Migrants, regardless of their status, must be considered full rights-holders and Honduras had adopted a law on migrants and their families and had promulgated a law on human trafficking. Early and child marriages must be at the heart of the agenda and discussions of this forum. Honduras had made significant progress to improve the situation of persons with disabilities and to ensure their full enjoyment of rights; for example, the fundamental education law guaranteed their access to an inclusive education system. States, by definition, must have a humanist dimension, stressed Ms. De Corrales, and this meant that all its activities must be done for the protection and development of human rights.
VALENTIN DJENONTIN-AGOSSOU, Minister of Justice, Legislation and Human Rights of Benin, reiterated Benin’s ongoing support for efforts towards strengthening the work of the Council. Benin was fully part of the new international process for the protection of rights through universally recognised and accepted values. Benin had presented its second Universal Periodic Review which had been adopted at the Council’s twenty-second session. In terms of civil and political rights, Benin had been revising its electoral legislation, which had served as the basis for its 2011 elections, making it possible for all citizens of voting age to register freely; the lack of birth certificates for some citizens would also be addressed.
Benin had abolished the death penalty and would play an active role in the high-level discussion panel on this topic to be held by the Council this afternoon. In the African context, Benin had offered to organise the first African conference on the abolition and moratorium of the death penalty in July 2014. The Government had been working to promote the freedom of the press and associations and was identifying challenges. Concerning economic, social and cultural rights, Mr. Djenontin-Agossou indicated that a number of strategic reforms were underway, including in areas such as finance, ports and telecommunications, the establishment of new factories, agriculture and food security, as well as education. A universal health insurance programme was also being implemented to ensure the well-being of Benin’s population.
DIDIER REYNDERS, Vice-Prime Minister and Minister for Foreign Affairs of Belgium, expressed grave concern about the ongoing human rights violations in Ukraine and stressed the need for the establishment of a Commission of Inquiry to ensure that there was no impunity. The de-escalation of tensions was an immediate priority and only dialogue could offer the way forward for the people of Ukraine. Stressing the importance of human rights for Belgium foreign policy, Mr. Reynders said that there were attempts to introduce a relative notion of human rights on the pretext of their incompatibility with traditions or because they were a part of a Western agenda. Refusing universality of human rights was to introduce racist notions to a concept that was close to the human heart. Respect for human rights was imperative in all contexts, not only in conflicts or democratic transitions, but also in democracies, including in mature ones.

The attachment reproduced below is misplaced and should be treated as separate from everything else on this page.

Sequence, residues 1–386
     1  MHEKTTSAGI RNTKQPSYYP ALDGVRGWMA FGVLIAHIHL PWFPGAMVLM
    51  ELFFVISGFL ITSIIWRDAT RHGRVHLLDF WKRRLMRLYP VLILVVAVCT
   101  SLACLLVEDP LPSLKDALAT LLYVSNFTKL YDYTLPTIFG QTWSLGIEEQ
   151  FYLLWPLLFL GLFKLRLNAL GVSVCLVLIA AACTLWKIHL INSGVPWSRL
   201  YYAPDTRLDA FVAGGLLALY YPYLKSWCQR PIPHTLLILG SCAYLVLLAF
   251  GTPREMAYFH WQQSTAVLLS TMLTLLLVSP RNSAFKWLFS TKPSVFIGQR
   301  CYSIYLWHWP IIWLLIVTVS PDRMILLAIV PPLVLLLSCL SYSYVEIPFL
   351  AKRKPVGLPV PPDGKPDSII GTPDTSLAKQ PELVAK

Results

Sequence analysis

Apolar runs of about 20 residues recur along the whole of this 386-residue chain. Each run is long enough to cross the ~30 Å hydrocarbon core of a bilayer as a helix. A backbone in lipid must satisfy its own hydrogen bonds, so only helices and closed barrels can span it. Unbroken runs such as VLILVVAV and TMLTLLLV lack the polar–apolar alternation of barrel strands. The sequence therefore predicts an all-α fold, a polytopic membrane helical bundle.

Human rights must be at the heart of all state-building exercises and mainstreamed in all policies of States being put in place. Belgium congratulated Tunisia on the adoption of the new constitution which it hoped would be an example for the region, particularly with regard to equality between women and men. Human rights in crisis situations allowed for protection of the vulnerable and alleviated suffering of victims. Having a victim-oriented approach also meant fighting against impunity and ensuring that those responsible for human rights violations were prosecuted. Belgium hoped that the Human Rights Council would not become a victim of its own success and that it would not use up the limited resources of the High Commissioner for Human Rights for an excessive number of debates that sometimes had no future.
HAAE PHOOFOLO, Minister of Law, Human Rights and Constitutional Affairs of Lesotho, said that the Council gathered today to reaffirm its commitment to universal dignity in an opportune moment to take stock of achievements, shortcomings and challenges. The best interests of the child remained at the core of Lesotho’s agenda and the Government had enacted a comprehensive children’s protection and welfare act in 2011, which prohibited cruel or inhumane punishment and ensured protection against torture and degrading treatment; new management regulations for schools and guides on implementation had also been distributed. A children’s court had also been launched to provide a favourable environment when dealing with children in conflict and affected by the law.
Lesotho was dedicated to achieving the principles of gender-equality and non-discrimination, its report under the Convention on the elimination of discrimination against women had been presented in 2011 and it was in the process of implementing the recommendations. Gender-based violence was on the increase and remained a challenge but the Government had taken measures, such as capacity building training sessions for child and gender protection units and other key stakeholders. Additional efforts included the creation of an office on corruption and economic offences, a national anti-corruption strategy, correctional institutions, and a national human rights policy. Mr. Phoofolo commended the work of the Office of the High Commissioner and pledged Lesotho’s continued support.